Our results also showed that in Experiment 2, traps baited with carbon dioxide and hexanoic acid captured higher proportions of blood fed, gravid and male Ae. aegypti than all the other traps. This makes hexanoic acid a superior bait in the surveillance and monitoring of these arbovirus vectors. Blood fed mosquitoes provide information on the interactions between host, vector and possible reservoirs, and helps to identify and evaluate the role of potential bridge vector species in the transmission of pathogens of public health importance [46]. They also give information regarding the feeding preference, seroconversion status of that host, and infectivity level of the reservoir host, [47] which immensely helps researchers to understand the ecology of arboviruses spread by mosquitoes. Gravid mosquitoes on the other hand are a high priority in arboviral surveillance programs because they are likely to be already exposed to virus infection through previous feeding, hence are likely indicators of virus activity [48]. Furthermore, hexanoic acid has been reported to be an effective attractant of gravid Ae. aegypti that could potentially be used as an oviposition pheromone to lure gravid mosquitoes to traps laced with the killer insecticide, Temephos in a ‘lure to kill’ vector control technique [49]. Lastly, it has been established that although male Ae. aegypti are not blood feeders they can be infected with dengue and chikungunya viruses via transovarial transmission [50,51]. They can also transmit the viruses venereally to the females who can then transmit it to humans [52]. Therefore, a trap that is more efficient in capturing male Ae. aegypti would be more helpful in dengue and chikungunya fever control programs.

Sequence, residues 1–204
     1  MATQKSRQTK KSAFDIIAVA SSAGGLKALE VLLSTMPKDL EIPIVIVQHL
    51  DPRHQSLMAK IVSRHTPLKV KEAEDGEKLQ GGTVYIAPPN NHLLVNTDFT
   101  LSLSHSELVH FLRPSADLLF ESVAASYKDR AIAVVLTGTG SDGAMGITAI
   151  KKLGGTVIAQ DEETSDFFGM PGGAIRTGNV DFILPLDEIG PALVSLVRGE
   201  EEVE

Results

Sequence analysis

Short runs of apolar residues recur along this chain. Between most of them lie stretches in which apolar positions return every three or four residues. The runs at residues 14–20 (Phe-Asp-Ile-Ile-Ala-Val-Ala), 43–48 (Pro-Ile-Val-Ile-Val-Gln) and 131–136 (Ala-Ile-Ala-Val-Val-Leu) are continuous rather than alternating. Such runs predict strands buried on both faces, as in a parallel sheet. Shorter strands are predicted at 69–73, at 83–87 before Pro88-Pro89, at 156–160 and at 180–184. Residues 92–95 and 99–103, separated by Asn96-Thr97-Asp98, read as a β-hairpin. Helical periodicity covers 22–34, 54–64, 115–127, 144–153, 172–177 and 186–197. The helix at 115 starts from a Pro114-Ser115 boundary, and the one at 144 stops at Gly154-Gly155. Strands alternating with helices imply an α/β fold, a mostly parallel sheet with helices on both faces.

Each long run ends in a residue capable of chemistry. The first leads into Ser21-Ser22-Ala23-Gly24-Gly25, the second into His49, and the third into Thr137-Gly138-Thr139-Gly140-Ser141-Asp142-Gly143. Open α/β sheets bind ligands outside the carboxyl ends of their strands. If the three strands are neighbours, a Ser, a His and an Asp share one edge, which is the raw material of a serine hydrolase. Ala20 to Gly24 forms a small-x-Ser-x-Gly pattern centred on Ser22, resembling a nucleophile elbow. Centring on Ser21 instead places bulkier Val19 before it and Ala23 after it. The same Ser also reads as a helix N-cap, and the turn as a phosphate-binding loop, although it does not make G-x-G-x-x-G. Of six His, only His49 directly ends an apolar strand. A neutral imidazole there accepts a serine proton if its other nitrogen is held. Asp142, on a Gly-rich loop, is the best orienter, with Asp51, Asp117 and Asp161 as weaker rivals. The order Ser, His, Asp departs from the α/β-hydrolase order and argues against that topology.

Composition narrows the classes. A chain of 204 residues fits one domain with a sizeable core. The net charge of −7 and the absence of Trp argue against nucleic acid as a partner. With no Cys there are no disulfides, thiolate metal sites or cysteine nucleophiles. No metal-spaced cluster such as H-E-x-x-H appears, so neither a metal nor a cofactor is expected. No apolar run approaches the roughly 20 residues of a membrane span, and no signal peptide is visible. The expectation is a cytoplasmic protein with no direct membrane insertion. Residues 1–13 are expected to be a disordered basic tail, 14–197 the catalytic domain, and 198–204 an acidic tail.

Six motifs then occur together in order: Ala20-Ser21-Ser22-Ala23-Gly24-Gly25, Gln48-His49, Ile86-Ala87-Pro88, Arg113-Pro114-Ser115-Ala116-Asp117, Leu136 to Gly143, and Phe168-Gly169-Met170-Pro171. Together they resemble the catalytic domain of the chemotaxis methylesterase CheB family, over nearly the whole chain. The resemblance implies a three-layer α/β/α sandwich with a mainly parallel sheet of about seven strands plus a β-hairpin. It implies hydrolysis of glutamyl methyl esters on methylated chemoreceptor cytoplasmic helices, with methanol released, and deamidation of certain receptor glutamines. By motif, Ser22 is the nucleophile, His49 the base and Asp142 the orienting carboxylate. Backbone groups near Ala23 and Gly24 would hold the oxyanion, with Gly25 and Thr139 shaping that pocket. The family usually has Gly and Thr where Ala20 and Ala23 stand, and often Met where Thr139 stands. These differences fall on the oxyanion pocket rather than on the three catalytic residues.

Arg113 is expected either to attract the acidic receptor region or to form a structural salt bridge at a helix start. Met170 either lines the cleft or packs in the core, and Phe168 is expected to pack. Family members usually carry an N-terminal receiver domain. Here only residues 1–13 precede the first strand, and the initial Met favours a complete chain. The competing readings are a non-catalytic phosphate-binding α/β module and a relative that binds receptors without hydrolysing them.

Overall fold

Conclusions

We conclude that natural human skin odor is a good source for identifying attractant compounds that could be used to improve the existing commercial lures for effective surveillance of Ae. aegypti in the field. However, blend composition and release rate are critical to determining vector behavioral response. It is clear that some compounds such as hexanoic acid when released alone at a slow rate are an effective lure to Ae. aegypti than when released in blends or at higher rates. Future work should therefore focus on the areas of release rates and effective formulation of hexanoic acid combined with carbon dioxide as a potent lure for monitoring populations of Ae. aegypti.